To keep seedlings from getting leggy, keep the young plants only a couple of inches from fluorescent grow lights. You will need to raise the lights (or lower the plants) as the seedlings grow. When you're ready to plant them outside, choose the sunniest part of your vegetable garden as their location.

  • 06 of 13

    Water Deeply Every Week

    watering tomatoes

    The Spruce / K. Dave  

    Water tomato plants deeply and regularly while the fruits are developing. During hot, dry spells, they may need more. If your plants start to look wilted for most of the day, give them a drink.

    After the fruit begins to ripen, you can ease up on watering. Cutting back on water will coax the plant into concentrating its sugars, which makes for better-tasting fruit. Don’t withhold water so much that the plants continually wilt and become stressed, or they will drop their blossoms and possibly their fruit.

    Quick Tip

    Irregular watering can lead to blossom end rot (a calcium deficiency) and cracking and splitting. Make sure your plants get 1 to 1.5 inches of water per week.

  • 07 of 13

    Turn a Fan On

    Growing plants

    s0ulsurfing/Jason Swain/Getty Images

    Tomato plants need to move and sway in the breeze to develop strong stems. That happens naturally outdoors, but if you start your seedlings inside, you need to provide some type of air circulation.

    Create a breeze by turning a fan on them for five to 10 minutes twice a day. Another option is to ruffle the tomato plants by gently rubbing your hand back and forth across their tops for a few minutes, several times a day.

  • 08 of 13

    Bury the Stems

    burying the tomato stems

    The Spruce / K. Dave 

    Plant your tomato plants deeper than they're planted in their pots. Bury them all the way up to the top few leaves. When planted this way, tomatoes are able to develop roots all along their stems. More roots make for a stronger plant.

    You can dig a deep hole or simply dig a shallow trench and lay the plant sideways. It will quickly straighten itself up and grow toward the sun. Just be careful not to drive your tomato stake or cage into the buried stem.

    Continue to 9 of 13 below.
  • 09 of 13

    Mulch Tomatoes After the Soil Has Warmed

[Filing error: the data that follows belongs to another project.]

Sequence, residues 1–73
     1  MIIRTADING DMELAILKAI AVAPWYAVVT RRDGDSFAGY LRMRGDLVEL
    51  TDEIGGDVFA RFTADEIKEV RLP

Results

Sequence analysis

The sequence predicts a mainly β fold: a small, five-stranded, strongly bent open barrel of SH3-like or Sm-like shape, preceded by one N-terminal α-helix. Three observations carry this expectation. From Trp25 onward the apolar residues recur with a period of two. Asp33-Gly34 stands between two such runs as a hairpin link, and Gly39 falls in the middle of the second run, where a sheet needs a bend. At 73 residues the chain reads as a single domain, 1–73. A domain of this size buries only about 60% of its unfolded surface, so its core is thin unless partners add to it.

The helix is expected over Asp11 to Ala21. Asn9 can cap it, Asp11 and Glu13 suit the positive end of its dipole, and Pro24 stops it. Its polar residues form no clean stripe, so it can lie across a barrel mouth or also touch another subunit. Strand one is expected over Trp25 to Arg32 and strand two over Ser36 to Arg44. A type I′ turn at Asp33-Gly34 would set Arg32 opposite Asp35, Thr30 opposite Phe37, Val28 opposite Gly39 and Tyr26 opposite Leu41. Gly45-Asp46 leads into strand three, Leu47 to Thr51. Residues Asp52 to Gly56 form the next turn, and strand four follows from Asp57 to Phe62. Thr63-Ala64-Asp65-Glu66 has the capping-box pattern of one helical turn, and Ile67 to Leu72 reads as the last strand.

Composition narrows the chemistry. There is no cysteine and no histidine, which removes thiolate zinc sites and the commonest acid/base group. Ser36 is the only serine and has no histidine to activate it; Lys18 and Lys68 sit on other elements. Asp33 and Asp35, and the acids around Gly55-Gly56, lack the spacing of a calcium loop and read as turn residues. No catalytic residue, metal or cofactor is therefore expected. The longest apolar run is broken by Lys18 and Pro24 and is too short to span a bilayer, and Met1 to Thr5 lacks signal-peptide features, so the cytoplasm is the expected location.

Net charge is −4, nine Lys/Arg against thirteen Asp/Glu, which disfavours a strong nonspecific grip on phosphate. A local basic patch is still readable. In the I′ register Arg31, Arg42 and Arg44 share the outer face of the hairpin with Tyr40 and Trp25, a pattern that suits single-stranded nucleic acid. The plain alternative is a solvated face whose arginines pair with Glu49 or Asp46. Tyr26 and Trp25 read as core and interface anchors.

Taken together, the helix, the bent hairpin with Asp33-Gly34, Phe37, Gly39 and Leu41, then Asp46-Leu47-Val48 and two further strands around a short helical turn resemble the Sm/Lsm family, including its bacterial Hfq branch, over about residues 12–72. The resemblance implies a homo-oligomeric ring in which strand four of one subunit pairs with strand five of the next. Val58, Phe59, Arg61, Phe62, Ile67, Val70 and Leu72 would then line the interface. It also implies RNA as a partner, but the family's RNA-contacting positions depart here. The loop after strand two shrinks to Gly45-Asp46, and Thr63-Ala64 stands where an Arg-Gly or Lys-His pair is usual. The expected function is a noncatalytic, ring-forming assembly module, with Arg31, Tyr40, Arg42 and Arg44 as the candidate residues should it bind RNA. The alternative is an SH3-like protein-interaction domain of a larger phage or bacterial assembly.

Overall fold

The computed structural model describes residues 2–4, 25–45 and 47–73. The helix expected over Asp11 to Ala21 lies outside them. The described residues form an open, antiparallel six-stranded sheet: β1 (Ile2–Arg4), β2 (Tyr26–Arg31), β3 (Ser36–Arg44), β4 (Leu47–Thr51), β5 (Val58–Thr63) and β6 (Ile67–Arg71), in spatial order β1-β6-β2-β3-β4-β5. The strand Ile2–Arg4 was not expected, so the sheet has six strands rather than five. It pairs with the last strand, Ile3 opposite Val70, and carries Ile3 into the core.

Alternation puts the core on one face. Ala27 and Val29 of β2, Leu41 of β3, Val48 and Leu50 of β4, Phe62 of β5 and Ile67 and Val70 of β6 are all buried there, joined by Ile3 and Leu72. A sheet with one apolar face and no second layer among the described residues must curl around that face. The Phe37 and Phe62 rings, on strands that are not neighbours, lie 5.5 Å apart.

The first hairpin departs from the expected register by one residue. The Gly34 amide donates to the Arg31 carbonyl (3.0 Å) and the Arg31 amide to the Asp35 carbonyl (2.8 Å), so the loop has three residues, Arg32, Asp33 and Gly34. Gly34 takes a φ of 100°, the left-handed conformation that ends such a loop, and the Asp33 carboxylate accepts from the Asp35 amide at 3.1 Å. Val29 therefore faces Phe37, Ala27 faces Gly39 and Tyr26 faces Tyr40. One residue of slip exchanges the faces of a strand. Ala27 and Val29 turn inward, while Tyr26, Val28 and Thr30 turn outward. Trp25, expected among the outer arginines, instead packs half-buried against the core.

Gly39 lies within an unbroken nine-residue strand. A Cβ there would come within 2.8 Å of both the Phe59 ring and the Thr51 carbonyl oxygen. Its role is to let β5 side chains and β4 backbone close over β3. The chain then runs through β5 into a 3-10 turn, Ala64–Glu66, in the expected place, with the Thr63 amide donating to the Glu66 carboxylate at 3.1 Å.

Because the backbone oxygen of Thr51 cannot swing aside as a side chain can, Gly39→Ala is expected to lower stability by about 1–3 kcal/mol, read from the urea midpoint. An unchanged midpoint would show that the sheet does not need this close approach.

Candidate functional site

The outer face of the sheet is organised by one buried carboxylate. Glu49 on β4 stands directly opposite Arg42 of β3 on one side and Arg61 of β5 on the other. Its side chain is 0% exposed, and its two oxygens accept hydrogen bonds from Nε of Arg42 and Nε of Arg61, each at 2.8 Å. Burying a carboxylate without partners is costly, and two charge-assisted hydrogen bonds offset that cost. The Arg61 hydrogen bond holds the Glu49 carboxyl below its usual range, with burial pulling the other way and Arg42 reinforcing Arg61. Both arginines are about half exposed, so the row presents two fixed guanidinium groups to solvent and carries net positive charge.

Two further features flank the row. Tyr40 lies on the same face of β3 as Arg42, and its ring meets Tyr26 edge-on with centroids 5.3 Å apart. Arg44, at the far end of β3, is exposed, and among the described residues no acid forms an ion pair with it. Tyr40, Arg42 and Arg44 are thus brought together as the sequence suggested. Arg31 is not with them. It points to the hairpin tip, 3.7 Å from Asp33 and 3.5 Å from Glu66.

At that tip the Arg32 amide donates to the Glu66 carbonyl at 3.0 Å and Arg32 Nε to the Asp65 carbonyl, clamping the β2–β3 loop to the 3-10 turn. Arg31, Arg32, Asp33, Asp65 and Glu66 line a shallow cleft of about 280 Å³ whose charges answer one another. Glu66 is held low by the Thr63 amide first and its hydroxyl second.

mulching tomatoes with straw

    The Spruce / K. Dave  

    Hold off on putting down mulch until after the ground has had a chance to warm up. Although mulching conserves water and prevents the soil and soil-borne diseases from splashing up on the plants, it also shades and cools the soil. Once temperatures remain warm, you can add a layer of mulch to retain moisture.

  • 10 of 13

    Provide Support

    small tomato plant in red wire tomato cage


    Give your tomato plants some support when they're 10 to 12 inches tall. Use tomato cages, string trellises, wooden or metal stakes with ties, or other strong supports to keep plants upright. Indeterminate tomatoes typically need stronger supports than determinate varieties, but stakes or cages can help determinate tomatoes stand up straight once they bear fruit.

  • 11 of 13

    Remove the Bottom Leaves

    removing the diseased leaves

    The Spruce / K. Dave  

    After your tomato plants reach 2 to 3 feet tall, remove the leaves from the bottom foot of the stem. These are the oldest leaves, and they're usually the first to develop fungus problems.

    Because these leaves sit close to the ground, they can easily come into contact with soil-borne pathogens. Removing them can prevent fungal diseases. Spraying weekly with compost tea can also help.

  • 12 of 13

    Remove Suckers for More Tomatoes

    Tomato Suckers

    The Spruce / Marie Iannotti

    Remove suckers that develop in the crotch joint of two branches. Pinch or prune them off when they're three inches long or smaller. They won’t bear fruit and can take energy away from the rest of the plant. You can root tomato suckers in water to grow additional plants.